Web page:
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Extension > Yard and Garden News > Bountiful blister beetles

Thursday, June 16, 2016

Bountiful blister beetles

Jeffrey Hahn, Extension Entomologist

There have been a lot of sightings throughout the state of Say blister beetles. Blister beetles are ant-like with soft wing covers. The Say blister beetle, Lytta sayi, is green with orange and black legs and is about ¾ inch long. These blister beetles have been conspicuously feeding, sometimes in large groups, on a variety of flowers, including lupine, iris, false indigo and prairie indigo (Baptisia), lilac and mountain ash. They have also been known to feed on rose, daylily, and peony.
Close up of Say blister beetle. 
Photo: Jeff Hahn, UMN Extension

All blister beetles secrete a defensive oil called cantharidin which can be very irritating and even raise blisters when skin is exposed to it. Fortunately, Say blister beetles generally do not possess a sufficient concentration of this substance to cause very severe problems to people.

If Say blister beetles are in your garden, there are several options for their management. First consider whether the damage can be tolerated; if it can then just ignore them. Also consider that Say blister beetles do not feed much past June so the closer to the end of the month it is, the closer the beetles are to being finished with their feeding.
Large number of Say blister
beetles on lupine. Photo:
Beth Berlin, UMN Extension

If you want to take some action against these beetles, consider physical removal. You can shake the plants and knock the beetles into a container of soapy of water. If there is concern about exposure to cantharidin and blisters, wear gloves to be on the safe side. Of course, physical removal may not be practical in all gardens.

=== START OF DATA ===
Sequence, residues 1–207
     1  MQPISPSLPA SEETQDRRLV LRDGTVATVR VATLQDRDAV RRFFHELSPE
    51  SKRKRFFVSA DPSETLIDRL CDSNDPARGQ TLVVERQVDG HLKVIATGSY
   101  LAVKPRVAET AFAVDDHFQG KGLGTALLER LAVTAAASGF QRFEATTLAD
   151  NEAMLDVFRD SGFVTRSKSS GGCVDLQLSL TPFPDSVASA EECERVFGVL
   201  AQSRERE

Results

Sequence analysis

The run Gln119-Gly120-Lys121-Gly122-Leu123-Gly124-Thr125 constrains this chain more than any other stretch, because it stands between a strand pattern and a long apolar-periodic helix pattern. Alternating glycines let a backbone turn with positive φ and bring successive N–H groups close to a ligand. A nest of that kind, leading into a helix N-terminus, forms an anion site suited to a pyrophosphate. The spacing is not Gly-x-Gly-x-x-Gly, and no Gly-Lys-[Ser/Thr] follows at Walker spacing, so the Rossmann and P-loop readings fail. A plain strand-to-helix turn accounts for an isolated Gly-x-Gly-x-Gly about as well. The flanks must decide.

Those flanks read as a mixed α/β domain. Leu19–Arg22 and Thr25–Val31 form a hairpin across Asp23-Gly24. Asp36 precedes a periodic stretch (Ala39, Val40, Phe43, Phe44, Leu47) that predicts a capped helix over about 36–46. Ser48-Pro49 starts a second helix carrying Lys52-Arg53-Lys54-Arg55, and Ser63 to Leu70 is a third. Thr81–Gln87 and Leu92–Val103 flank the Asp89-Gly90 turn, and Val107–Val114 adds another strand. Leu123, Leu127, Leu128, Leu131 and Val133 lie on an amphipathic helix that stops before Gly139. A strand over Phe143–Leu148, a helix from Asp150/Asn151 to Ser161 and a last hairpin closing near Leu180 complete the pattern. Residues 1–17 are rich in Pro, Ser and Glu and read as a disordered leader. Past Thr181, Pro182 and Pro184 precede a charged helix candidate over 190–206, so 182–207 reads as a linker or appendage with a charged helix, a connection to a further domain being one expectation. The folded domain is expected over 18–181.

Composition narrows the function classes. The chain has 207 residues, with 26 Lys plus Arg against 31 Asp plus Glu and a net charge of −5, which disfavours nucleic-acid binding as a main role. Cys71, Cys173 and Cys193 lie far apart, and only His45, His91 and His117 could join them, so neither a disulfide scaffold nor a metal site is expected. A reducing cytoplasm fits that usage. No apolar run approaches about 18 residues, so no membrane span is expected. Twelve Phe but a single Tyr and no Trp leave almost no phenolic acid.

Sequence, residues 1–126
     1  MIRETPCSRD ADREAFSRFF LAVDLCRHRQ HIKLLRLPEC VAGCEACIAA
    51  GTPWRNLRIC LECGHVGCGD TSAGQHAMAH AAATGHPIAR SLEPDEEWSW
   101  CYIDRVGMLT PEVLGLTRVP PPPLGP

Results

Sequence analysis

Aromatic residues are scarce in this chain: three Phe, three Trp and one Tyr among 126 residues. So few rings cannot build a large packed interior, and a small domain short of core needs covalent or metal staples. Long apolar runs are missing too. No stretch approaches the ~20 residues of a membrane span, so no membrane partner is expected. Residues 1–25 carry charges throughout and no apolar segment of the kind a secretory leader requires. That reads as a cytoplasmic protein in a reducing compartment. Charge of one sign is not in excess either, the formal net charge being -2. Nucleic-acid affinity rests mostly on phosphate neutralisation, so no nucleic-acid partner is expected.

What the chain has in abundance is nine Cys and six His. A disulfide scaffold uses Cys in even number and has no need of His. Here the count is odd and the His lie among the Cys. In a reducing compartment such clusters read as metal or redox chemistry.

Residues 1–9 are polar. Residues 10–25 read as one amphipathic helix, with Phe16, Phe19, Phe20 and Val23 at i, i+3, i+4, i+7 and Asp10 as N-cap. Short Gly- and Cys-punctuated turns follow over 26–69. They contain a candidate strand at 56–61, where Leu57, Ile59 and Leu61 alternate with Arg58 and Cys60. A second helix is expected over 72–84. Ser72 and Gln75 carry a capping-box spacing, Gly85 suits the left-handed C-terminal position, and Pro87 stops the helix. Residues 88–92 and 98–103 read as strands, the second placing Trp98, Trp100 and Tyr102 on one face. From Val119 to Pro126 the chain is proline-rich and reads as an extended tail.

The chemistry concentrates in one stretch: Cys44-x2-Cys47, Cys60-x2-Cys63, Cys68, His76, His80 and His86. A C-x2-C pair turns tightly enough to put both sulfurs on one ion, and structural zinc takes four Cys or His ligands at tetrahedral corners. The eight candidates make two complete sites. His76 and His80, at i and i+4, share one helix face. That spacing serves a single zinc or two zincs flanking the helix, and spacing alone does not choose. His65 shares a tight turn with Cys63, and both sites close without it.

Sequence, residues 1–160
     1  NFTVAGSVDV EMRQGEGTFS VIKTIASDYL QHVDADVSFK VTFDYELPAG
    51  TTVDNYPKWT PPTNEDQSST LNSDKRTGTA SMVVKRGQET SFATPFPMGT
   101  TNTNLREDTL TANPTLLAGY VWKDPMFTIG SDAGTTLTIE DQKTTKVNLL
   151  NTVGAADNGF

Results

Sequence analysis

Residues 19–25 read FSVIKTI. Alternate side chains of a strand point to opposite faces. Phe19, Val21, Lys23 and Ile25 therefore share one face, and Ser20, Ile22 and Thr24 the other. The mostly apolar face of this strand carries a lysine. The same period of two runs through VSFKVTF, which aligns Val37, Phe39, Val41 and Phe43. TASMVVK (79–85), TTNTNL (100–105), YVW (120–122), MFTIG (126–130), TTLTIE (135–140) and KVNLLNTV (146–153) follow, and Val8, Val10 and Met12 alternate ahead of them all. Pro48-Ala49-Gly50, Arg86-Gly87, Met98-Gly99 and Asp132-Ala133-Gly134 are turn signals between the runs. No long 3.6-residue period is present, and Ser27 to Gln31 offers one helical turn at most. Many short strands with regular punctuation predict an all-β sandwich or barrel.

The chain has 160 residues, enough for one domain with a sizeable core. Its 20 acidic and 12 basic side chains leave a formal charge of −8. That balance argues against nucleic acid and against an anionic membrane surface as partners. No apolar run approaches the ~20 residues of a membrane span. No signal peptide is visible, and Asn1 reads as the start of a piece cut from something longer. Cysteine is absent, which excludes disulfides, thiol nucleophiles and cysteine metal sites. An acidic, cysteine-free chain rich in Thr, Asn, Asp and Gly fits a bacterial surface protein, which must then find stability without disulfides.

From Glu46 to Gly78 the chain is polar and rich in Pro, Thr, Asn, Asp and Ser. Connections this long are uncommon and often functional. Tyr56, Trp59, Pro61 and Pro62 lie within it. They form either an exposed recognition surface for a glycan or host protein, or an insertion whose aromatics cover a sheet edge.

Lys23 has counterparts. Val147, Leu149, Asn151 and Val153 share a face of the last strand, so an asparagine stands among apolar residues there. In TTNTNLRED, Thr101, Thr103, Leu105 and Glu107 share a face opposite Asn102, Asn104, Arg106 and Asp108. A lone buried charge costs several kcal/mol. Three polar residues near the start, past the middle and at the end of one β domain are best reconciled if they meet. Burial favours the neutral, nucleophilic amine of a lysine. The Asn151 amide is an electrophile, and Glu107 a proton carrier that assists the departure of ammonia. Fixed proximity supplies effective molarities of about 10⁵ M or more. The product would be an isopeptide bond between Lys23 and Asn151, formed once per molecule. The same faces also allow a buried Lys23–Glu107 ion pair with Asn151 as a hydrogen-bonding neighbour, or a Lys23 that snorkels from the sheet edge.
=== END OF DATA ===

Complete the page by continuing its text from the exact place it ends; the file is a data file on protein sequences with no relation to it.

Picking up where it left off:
If you are interested in a low impact insecticide, try neem oil. Spinosad is also a low impact product. While it has little effect on most beneficial insects, it is toxic to bees. However this toxicity is greatly reduced once the material is dry. If using spinosad, treat foliage when bees are not active, giving it time to dry before bees are active again. You can also apply pyrethrins; to be effective this insecticide has to directly contact the insects. There is also no residual and it may need to be reapplied.

There are a variety of residual garden insecticides that can kill blister beetles, such as permethrin, bifenthrin, lambda cyhalothrin, and carbaryl. Take care when using these insecticides as they are toxic to pollinators. Do not treat plants when pollinators are active around them. Instead, treat plants during late evening or nighttime when pollinators are no longer active to minimize exposure to insecticides.

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